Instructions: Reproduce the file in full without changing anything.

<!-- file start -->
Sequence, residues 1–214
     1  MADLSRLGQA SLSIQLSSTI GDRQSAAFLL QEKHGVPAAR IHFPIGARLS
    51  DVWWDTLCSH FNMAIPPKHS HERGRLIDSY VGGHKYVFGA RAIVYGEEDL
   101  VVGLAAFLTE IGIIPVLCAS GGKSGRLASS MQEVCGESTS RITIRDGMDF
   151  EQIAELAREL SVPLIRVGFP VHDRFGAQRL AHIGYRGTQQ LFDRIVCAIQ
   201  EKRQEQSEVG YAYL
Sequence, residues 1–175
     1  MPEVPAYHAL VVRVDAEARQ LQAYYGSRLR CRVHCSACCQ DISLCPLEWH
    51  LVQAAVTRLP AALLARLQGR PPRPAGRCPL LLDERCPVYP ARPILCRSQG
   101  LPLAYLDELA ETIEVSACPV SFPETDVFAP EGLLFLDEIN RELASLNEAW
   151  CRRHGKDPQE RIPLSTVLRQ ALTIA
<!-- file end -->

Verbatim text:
Sequence, residues 1–214
     1  MADLSRLGQA SLSIQLSSTI GDRQSAAFLL QEKHGVPAAR IHFPIGARLS
    51  DVWWDTLCSH FNMAIPPKHS HERGRLIDSY VGGHKYVFGA RAIVYGEEDL
   101  VVGLAAFLTE IGIIPVLCAS GGKSGRLASS MQEVCGESTS RITIRDGMDF
   151  EQIAELAREL SVPLIRVGFP VHDRFGAQRL AHIGYRGTQQ LFDRIVCAIQ
   201  EKRQEQSEVG YAYL
Sequence, residues 1–175
     1  MPEVPAYHAL VVRVDAEARQ LQAYYGSRLR CRVHCSACCQ DISLCPLEWH
    51  LVQAAVTRLP AALLARLQGR PPRPAGRCPL LLDERCPVYP ARPILCRSQG
   101  LPLAYLDELA ETIEVSACPV SFPETDVFAP EGLLFLDEIN RELASLNEAW
   151  CRRHGKDPQE RIPLSTVLRQ ALTIA